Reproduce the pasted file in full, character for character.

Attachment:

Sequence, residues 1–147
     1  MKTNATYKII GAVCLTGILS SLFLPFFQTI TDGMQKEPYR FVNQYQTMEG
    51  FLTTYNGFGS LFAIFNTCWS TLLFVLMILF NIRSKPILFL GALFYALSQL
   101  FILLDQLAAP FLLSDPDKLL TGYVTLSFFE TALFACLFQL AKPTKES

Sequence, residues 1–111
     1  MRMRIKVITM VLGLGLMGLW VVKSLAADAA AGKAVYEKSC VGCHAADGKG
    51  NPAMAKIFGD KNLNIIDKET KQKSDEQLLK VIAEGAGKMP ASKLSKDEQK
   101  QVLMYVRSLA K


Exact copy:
Sequence, residues 1–147
     1  MKTNATYKII GAVCLTGILS SLFLPFFQTI TDGMQKEPYR FVNQYQTMEG
    51  FLTTYNGFGS LFAIFNTCWS TLLFVLMILF NIRSKPILFL GALFYALSQL
   101  FILLDQLAAP FLLSDPDKLL TGYVTLSFFE TALFACLFQL AKPTKES

Sequence, residues 1–111
     1  MRMRIKVITM VLGLGLMGLW VVKSLAADAA AGKAVYEKSC VGCHAADGKG
    51  NPAMAKIFGD KNLNIIDKET KQKSDEQLLK VIAEGAGKMP ASKLSKDEQK
   101  QVLMYVRSLA K